Thursday 03rd, January 2008
Turnmills to become office block
Misc: London’s much-loved club Turnmills has been sold and will be converted into shops, apartments and office blocks. The club is one of the most historic in the city and The Gallery night has hosted every major trance DJ on the planet. Read on for full info.
One of London’s best-known nightclubs is to close and be turned into an office block.
Turnmills in Clerkenwell was among the “superclubs” of the Nineties and attracted some of the biggest names in dance music including Judge Jules, Paul Van Dyk and the Chemical Brothers.
It was the home of Trade, the first after-hours club in Britain, and Pete Doherty was often spotted there, recording material in the Turnmills studio.
In its heyday, it ranked alongside Ministry Of Sound as one of the most popular clubs in the country and was the first to obtain a 24-hour dance licence. But in recent years crowds have dwindled as dance music dropped in popularity.
It has also been the scene of gang violence. In April 2003, armed men burst into the club, which was due to host So Solid Crew singer Lisa Maffia’s launch night, and robbed clubbers.
During a gun battle outside, Jason Fearon, a 26-year-old father-of-two from Edmonton, was shot dead by the gang as he attempted to flee the area in his Audi.
Now landlord Derwent London has been granted permission to build a two-storey rooftop extension on the site with the club and its dancefloor in the basement becoming offices. They can also expand the building’s floorspace by nearly 50 per cent to 64,750 sq ft. Islington council’s planning committee gave permission for change of use from a club to offices.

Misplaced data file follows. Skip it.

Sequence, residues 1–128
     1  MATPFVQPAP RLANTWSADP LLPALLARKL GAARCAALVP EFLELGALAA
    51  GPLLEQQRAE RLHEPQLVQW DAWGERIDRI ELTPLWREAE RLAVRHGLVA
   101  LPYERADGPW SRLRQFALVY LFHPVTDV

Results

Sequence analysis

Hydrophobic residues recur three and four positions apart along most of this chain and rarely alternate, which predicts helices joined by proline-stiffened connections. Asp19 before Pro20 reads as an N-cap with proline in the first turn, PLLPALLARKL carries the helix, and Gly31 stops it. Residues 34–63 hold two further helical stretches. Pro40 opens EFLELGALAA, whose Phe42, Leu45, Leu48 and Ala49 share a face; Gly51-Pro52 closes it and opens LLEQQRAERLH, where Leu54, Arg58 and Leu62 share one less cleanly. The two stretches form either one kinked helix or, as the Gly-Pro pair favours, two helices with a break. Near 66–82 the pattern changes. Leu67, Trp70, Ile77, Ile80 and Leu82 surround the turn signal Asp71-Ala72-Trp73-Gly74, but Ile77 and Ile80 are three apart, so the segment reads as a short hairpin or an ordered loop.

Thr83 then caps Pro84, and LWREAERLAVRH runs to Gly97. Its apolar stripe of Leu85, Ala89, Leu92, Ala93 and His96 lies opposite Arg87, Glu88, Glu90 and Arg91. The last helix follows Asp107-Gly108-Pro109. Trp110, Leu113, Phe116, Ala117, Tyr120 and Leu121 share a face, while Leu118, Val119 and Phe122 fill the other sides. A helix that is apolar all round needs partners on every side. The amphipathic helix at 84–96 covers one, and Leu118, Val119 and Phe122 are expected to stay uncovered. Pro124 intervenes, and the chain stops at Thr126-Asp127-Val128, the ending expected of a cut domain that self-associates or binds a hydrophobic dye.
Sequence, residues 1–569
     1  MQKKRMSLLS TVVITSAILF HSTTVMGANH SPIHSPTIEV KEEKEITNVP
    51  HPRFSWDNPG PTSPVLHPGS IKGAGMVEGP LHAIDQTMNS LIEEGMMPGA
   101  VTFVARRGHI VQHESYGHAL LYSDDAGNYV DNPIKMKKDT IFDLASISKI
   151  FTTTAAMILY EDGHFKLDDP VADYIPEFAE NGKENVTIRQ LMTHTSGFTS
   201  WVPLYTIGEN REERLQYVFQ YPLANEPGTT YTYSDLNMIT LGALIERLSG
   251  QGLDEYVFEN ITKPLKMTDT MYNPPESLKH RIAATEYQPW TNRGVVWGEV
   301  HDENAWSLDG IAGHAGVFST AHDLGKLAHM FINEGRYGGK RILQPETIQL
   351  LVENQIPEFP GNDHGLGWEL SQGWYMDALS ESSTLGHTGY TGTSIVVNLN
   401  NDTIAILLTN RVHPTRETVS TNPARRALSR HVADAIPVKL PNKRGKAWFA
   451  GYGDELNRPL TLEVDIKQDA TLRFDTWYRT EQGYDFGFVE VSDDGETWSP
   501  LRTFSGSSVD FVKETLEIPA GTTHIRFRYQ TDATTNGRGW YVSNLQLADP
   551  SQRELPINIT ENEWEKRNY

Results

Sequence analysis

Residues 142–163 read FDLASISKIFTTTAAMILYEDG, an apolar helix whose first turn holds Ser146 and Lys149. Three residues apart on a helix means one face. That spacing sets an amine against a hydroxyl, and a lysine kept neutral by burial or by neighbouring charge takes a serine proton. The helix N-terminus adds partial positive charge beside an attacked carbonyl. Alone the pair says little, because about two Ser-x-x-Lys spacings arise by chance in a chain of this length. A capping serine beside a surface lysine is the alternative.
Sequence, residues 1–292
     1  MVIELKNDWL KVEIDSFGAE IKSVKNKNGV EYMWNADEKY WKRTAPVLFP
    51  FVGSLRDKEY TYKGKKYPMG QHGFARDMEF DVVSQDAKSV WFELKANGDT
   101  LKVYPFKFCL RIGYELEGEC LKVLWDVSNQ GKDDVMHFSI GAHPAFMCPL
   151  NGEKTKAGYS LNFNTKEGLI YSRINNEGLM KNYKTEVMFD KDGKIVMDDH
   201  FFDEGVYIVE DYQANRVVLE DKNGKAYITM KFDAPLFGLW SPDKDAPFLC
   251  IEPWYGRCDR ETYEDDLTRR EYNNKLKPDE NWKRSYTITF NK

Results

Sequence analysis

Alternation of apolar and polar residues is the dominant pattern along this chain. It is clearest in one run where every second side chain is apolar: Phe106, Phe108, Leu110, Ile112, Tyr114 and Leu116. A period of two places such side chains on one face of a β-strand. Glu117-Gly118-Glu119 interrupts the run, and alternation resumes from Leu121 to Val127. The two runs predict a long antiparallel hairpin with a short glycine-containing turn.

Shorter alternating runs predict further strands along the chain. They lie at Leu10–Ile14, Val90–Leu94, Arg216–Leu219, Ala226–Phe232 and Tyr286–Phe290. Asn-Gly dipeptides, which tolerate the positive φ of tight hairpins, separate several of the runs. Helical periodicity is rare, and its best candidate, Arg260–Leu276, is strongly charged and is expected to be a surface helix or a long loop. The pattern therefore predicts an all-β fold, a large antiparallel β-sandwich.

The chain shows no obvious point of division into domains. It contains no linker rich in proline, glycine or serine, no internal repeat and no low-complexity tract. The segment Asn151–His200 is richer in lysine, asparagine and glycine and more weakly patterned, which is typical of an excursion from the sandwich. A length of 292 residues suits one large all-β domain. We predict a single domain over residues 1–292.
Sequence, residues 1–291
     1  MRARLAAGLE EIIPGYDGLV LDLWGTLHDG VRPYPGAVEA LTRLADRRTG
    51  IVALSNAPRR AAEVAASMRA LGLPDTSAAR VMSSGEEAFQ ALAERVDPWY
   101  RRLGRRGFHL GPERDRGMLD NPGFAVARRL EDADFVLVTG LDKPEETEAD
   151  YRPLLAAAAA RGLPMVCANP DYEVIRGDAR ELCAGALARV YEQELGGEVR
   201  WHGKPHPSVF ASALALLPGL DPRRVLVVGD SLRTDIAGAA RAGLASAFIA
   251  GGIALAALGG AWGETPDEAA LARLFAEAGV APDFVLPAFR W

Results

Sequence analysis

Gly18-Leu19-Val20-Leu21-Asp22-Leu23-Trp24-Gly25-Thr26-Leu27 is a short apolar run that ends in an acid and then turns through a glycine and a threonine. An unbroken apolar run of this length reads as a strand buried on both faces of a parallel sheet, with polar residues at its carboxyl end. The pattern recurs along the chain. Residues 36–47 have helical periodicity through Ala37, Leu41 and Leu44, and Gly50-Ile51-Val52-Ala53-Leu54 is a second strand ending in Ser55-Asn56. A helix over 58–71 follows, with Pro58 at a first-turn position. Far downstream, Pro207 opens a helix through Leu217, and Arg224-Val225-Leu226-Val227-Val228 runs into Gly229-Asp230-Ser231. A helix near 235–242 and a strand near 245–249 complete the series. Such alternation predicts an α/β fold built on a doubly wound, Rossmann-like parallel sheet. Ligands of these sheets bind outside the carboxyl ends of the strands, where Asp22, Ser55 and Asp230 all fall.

Architects Piercy Connor have incorporated shops and offices into the design, although the majority of the building will be reserved for offices.
Derwent London project manager David Thurston said: “The scheme includes the refurbishment, the extension on the top floor and the basement where the nightclub is. Our business is to improve buildings and improve the desirability of people coming to these buildings.” Derwent London has not set a date for work to start.
A spokesman for Turnmills confirmed the club was closing but said he did not know when and suggested Turnmills could find a new home.
He added: “As far as we are concerned our lease is still intact until any legal documents have been signed, which they haven’t at this stage and the permission to develop does not mean they need vacant possession for the first phase of the building works.
“The long-term plan for the building and development far exceeds our existing lease.
“We are in negotiation with the landlords to buy us out of the remaining lease if they want to bring the development of the basement forward – which they may or may not want to do. It’s very early days.”